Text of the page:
Amsterdam, New York, Frankfurt. For many companies, the question of where the first public issue of their own share certificates (IPO) will take place no longer arises. Only around 10 percent of the global IPOs do not take place in the home market of the respective company, says Martin Steinbach, Head of IPOs and Listing Services in the Western Europe region of EY, in an interview with the FAZ where I go public first. If there is no such market in my home country, I as a company can consider listing myself on a stock exchange abroad. “
The biotechnology industry has received a lot of attention in the past 18 months. One wondered why the lighthouse company BioNTech chose to go public on Nasdaq in 2019 and not on the Frankfurt Stock Exchange. In 2020, the vaccine manufacturer CureVac followed to New York. Not an easy undertaking, as there are sometimes high hurdles associated with going public in the United States. “Many foreign companies that go public in the United States choose the indirect route via depository receipts, also known as ‘ADR’, which are issued by American custodians who hold the company’s actual shares,” explains Philipp Suess, Co-head of Goldman Sachs’ equity markets operations in Germany and Austria.
“In this form, the stocks have no access to indices. If a company should strive for this, it would have to carry out a direct listing, ”explains Suess. This requires either the legal form of an American stock corporation or the Dutch company form “NV”. In addition, a significant part of the administration must be based in the United States, and there are higher requirements for disclosure requirements, Suess continues to consider.
In light of these difficulties, you need compelling reasons to nonetheless list your stocks in America. “On the one hand, this can be attractive if a large competitor in the respective stock market has a pull for the entire industry,” says Suess. “On the other hand, it is a consideration if the current or future sales are mainly generated in a foreign market. The Prada IPO in Hong Kong was an example of this. “
The biotechnology industry affects special factors in IPOs. In the course of the new economy, there were many start-ups in this sector. Like many young companies at the time, they disappeared when the dot-com bubble burst. At the same time as this rise and fall, the financial sector developed competencies for biotechnology, which were not profitable due to high costs and long development times and which subsequently fell victim to cost-cutting measures in Europe.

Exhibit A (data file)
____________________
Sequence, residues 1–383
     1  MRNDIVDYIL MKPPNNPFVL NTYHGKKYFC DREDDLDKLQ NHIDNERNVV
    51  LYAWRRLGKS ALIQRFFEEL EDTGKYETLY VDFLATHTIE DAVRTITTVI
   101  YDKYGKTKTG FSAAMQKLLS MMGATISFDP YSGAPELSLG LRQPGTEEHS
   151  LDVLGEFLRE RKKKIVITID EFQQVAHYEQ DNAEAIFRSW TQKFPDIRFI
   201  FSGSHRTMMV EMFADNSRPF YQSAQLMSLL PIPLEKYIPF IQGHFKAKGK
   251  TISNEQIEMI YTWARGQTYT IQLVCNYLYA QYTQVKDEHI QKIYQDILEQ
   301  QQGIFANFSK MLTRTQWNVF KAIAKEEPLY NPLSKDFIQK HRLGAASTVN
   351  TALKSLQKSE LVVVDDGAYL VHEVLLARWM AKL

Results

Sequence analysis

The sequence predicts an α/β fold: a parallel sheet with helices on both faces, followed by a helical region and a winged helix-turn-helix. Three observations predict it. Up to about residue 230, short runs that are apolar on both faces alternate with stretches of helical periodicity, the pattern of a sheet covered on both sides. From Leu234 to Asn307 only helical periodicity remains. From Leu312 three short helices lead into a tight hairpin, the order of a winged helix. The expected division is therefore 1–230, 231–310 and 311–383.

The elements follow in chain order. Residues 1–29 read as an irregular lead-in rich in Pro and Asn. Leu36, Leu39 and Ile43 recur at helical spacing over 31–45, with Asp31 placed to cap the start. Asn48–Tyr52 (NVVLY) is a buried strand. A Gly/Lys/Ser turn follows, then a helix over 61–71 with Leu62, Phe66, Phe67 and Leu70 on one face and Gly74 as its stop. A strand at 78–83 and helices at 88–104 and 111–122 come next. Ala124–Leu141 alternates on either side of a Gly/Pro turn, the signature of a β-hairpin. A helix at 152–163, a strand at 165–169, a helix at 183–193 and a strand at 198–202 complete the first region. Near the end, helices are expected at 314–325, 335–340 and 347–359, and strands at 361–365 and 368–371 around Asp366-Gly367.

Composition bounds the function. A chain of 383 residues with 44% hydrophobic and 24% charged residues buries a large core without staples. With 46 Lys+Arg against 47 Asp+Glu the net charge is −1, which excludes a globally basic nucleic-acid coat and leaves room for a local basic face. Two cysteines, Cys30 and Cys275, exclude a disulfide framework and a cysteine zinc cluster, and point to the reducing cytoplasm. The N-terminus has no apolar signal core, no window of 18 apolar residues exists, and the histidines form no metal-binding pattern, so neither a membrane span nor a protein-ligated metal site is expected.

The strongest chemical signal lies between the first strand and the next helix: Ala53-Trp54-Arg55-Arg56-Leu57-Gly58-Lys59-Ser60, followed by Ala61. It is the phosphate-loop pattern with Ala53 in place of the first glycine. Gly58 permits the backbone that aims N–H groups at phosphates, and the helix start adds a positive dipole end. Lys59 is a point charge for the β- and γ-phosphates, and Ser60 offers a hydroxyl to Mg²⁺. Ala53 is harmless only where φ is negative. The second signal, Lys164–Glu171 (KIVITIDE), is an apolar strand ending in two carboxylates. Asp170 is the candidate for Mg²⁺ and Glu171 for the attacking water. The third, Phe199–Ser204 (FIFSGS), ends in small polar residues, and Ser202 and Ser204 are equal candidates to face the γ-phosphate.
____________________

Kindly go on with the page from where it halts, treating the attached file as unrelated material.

Joachim Rothe, managing partner of the venture capital company LSP, equates this time with a nuclear winter. “It took ten years for something to stir again on the European market. We now have a good relationship here again in terms of supply and demand for financing young companies in the early phases. For IPOs, however, we primarily look to America, ”he says.
Germany offers capital for young, innovative companies
There the infrastructure could be preserved and the supply of institutional capital was greater. “This is why biotech companies feel at home in America,” explains Steinbach. “There you can count on analyst expertise and place your ‘equity story’, i.e. the growth story of your company, with investors who you understand. As a result, 90 percent of all biotech IPOs take place in America. “
Apart from this sector, fewer and fewer European companies are looking to foreign stock exchanges. This is also due to the harmonization of the European capital markets, says Steinbach. On this basis, mostly Anglo-Saxon institutional investors can support companies as anchor investors in their IPOs. This became visible at IPOs of technology-heavy companies like About You or Suse this year. These IPOs were supported by such investors, but took place in Germany.
“This is a positive development that shows us that Germany, like the United States, offers capital and growth opportunities for young, innovative companies,” says Suess. Steinbach still sees room for improvement in Germany: “We are a rich country and an innovative country. Unfortunately, it is often difficult to reconcile these two advantages.
The best way to do this would be through the capital market, but many medium-sized, semi-institutional and private investors miss IPOs in up-and-coming companies. The information requirements are too complex so that advertising for these investors is not worthwhile. With a view to the Bundestag election, it would make sense to take another thorough look at the German Stock Corporation Act, the original version of which dates from 1937. “